- How schools will be inspected: the processes before, during and after the inspection
- The evaluation schedule: the evaluation criteria inspectors use to make the graded judgements, including some examples of the kinds of evidence and activities used by inspectors to make their judgements
- Applying the EIF in different contexts: guidance on how to apply the EIF in specific contexts and provisions
Note that Ofsted's latest handbook update considers the pandemic and its effect on schools. When assessing the impact of the curriculum, inspectors will have due regard to any loss of learning the pandemic may have caused.
Providers should illustrate what they are doing to address any disruption to learning and how they are ensuring that children are well prepared for their next stage of education. But note, Ofsted will not be inspecting the Covid-19 response.
Inspectors will look at how providers have adapted and prioritised their curriculum from September 2020, including how it has been implemented remotely. They will need to evidence how learning gaps have been identified and addressed.
The impact on curriculum leads
Under the CIF, inspectors spent much of their time engaged with headteachers. With the EIF being more curriculum focused, it means that many middle leaders in educational settings will be more involved in the inspection process than they were previously.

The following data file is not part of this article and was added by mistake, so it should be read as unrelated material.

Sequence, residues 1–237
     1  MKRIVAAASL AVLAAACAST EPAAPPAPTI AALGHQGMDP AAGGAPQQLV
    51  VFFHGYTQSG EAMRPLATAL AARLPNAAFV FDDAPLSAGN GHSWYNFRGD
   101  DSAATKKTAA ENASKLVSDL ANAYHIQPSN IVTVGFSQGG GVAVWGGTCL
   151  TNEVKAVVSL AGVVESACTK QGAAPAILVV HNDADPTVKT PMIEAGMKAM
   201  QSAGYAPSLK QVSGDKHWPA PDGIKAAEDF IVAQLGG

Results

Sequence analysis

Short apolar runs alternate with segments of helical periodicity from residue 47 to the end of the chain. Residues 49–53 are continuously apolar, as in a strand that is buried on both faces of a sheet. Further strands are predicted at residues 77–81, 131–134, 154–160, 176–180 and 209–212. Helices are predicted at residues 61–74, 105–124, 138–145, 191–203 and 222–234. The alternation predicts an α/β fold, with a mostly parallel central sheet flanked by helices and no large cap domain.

The logistical demands of enabling staff to spend time with inspectors poses challenges, especially in small establishments where cover is more difficult to organise. Head teachers and leaders will need to be aware of the potential for staff, especially curriculum leads, to feel overwhelmed now that the focus has shifted to curriculum delivery. Meanwhile, leads will need to ensure teachers develop a deeper understanding of ‘intent’ - why a particular approach to teaching/learning has been adopted. See more about what the new EIF means to teachers here.
Visit the IG Schools Hub for further content, such as interviews with sector experts and helpful resources to enhance teaching and learning. The hub offers best practice guidance documents in addition to policy updates for senior leaders, teachers and support staff working in early years, primary and secondary education, across maintained, academy and independent schools.